, February 4, 2011 (ENS) - The African country of Rwanda, torn by civil war in the 1990s, has vowed to achieve country-wide restoration of its degraded soil, water, land and forest resources during the next 25 years.
Rwanda's announcement was a highlight of the 9th UN Forum on Forests, a two week meeting that concluded today at United Nations headquarters in New York.
On Wednesday, the forum launched the International Year of Forests 2011, as designated by the UN General Assembly.
Trees were cut to supply shelter and fuel for refugees and internally displaced people in Rwanda's Butare Prefecture, 1994. (Photo by A. Hollman courtesy UNHCR)
Rwandan Minister of Land and Environment Stanislas Kamanzi announced Rwanda's Forest Landscape Restoration Initiative at the launch ceremony with reference to the war that tore the small central African country apart and devastated the environment.
"The 1994 genocide and its daunting aftermath came with a host of destructions including those that affected our natural ecosystems and weakened the livelihoods connected with them," Kamanzi said.
Stanislas Kamanzi Minister of Land and Environment, Rwanda (Photo by Paulo Filgueiras courtesy UN)
Since then, Rwanda has made "significant strides in the protection of the environment," including forest and wetlands restoration, said Kamazi, but much work remains to be done.
"We want to make sure that our environment can sustain all the economic activities identified as main drivers of the national economy," he said.
"By the year 2015," Kamanzi told forum participants, "the government and its partners will develop a comprehensive action plan of the initiative and prompt forest landscape restoration activities, in line with national development priorities."
The plan will be designed to achieve sustainable agricultural production, low carbon economic development, adequate water and energy supplies, and new opportunities for rural livelihoods in the small country, about the size of the U.S. state of Maryland.
Safeguarding the nation's rich wildlife, such as the Critically Endangered mountain gorilla, is also part of Rwanda's commitment and will benefit the country's economy as visitors come from around the world, seeking a glimpse of the rare animals.
Mountain gorilla mother and baby in Rwanda's Volcano National Park, August 2005 (Photo by Sarel Kromer)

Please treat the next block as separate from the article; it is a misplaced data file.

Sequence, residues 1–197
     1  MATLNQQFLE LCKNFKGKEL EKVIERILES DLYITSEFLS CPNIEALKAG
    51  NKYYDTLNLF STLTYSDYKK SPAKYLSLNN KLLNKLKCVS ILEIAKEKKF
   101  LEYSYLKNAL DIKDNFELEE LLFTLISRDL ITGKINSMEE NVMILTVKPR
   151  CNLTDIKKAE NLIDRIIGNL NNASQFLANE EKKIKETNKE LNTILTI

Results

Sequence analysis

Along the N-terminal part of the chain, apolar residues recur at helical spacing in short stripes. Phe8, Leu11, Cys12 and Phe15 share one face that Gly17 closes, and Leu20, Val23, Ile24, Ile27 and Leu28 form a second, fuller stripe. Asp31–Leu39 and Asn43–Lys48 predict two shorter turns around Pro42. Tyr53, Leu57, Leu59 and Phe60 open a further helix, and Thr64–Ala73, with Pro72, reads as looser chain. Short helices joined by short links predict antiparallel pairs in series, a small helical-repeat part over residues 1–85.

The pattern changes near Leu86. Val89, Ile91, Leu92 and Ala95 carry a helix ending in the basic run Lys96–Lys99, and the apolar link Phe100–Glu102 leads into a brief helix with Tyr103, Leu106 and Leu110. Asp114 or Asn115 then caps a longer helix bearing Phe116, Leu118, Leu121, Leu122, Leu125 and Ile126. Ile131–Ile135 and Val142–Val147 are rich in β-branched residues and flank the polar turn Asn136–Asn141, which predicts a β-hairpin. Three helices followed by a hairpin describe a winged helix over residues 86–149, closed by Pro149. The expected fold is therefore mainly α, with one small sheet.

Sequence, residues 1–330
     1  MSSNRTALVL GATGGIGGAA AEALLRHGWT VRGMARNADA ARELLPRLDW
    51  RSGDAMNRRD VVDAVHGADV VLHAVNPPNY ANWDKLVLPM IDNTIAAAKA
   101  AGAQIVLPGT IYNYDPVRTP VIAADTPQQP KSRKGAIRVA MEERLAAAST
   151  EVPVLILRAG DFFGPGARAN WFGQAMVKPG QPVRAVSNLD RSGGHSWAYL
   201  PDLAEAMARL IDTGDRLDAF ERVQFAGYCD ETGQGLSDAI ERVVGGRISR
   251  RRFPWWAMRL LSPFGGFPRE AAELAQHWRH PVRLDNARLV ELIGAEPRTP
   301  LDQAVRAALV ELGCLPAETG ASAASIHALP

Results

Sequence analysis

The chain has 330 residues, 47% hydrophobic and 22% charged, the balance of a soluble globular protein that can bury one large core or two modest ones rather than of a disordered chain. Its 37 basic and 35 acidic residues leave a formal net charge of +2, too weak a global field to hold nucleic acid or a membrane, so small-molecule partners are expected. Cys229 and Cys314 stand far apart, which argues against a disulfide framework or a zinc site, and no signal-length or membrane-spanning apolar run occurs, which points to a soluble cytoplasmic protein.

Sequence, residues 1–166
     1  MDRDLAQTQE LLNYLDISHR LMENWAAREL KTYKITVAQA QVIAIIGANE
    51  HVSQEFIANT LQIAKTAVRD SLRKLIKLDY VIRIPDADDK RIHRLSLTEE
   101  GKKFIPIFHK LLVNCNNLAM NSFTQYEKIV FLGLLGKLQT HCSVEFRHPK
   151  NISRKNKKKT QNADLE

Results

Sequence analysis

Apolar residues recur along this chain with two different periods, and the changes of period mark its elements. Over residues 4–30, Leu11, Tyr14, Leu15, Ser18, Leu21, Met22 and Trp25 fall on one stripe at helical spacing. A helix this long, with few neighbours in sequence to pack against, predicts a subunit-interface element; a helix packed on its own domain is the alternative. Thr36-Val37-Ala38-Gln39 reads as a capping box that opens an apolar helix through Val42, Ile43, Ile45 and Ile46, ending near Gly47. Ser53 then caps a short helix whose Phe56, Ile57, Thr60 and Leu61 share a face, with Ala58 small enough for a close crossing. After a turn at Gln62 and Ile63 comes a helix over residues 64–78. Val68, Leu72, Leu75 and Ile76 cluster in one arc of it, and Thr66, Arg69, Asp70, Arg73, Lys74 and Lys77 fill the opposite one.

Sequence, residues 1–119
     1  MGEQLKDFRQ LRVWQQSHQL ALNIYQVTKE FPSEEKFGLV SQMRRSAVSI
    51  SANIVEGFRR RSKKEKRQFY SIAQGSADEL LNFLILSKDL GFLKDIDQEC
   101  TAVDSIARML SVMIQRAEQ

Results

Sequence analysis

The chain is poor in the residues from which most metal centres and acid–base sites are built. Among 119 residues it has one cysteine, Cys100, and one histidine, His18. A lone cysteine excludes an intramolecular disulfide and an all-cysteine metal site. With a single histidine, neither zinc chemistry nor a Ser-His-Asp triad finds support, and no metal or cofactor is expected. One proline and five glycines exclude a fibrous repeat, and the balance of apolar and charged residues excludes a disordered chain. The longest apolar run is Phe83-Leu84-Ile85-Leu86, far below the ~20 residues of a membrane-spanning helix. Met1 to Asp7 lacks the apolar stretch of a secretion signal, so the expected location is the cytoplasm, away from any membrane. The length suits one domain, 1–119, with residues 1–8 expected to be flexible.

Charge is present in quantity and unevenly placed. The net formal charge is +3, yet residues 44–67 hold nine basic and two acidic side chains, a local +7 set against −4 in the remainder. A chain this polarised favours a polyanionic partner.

"We need expert advice, which, strengthened by local knowledge, will enable the development of landscape strategies and will translate existing political commitment into real and rapid action on the ground," said Kamanzi.
Rwanda has turned for advice to the nonprofit International Union for Conservation of Nature, IUCN, the world's oldest and largest global environmental network - with more than 1,000 government and NGO member organizations, and some 11,000 volunteer scientists in more than 160 countries.
"What Rwanda announced is the biggest commitment a country can make to giving nature a helping hand and reversing deforestation and forest degradation," said IUCN Director General Julia Marton-Lefèvre.
"If other countries are inspired by Rwanda and follow suit," she said, "then what we could be witnessing is the beginning of the largest restoration initiative the world has ever seen."
Rwanda's Nyungwe National Forest (Photo by Klimgeit70)
The Rwandan government, IUCN, the Secretariat of the UN Forum on Forests and others will work together towards delivering forest restoration at the landscape level. At the Forum on Forests, the government of Canada and the Global Environmental Facility also expressed their support for the Rwandan initiative.
"Past actions can have a profound effect on lives and the environment, as we can witness all over the world," said Jan McAlpine, UN Forum on Forests director. "But what makes Rwanda exceptional, is the country's willpower to rebuild people's lives, restore their land and show the world that restoring damaged ecosystems is possible."
The Forum on Forests Secretariat estimates there are approximately 1.5 billion hectares (5.8 million square miles) worldwide that offer opportunities for forest landscape restoration. Asia and Africa each have about 500 million hectares (1.93 million square miles) available for restoration without impacting agricultural activities.
The UN Food and Agriculture Organization estimates 13 million hectares (50,000 square miles) of the world's forests are lost every year, mainly as a result of converting forested lands to other uses.
At least 1.6 billion people directly depend on forests for their livelihoods, the majority of them poor inhabitants of areas next to forests; while an estimated 60 million people live in forests, many of them members of indigenous communities.
"A highlight of UNFF9 was the announcement of the Rwandan government's plans to restore the country's degraded landscapes border-to-border," said Stewart Maginnis, IUCN's director of environment and development. "These plans are bold and much needed and we urge other countries to recognize the potential of healthy forests and to commit to restoring their lands."
Copyright Environment News Service (ENS) 2011. All rights reserved.
|Let's Keep the Upper Lillooet River Wild! Three-time EUEC Keynote Speaker Gina McCarthy Confirmed to Head the EPA Aquaponics Revolutionizes Local Food Growing by Recycling 90% Water|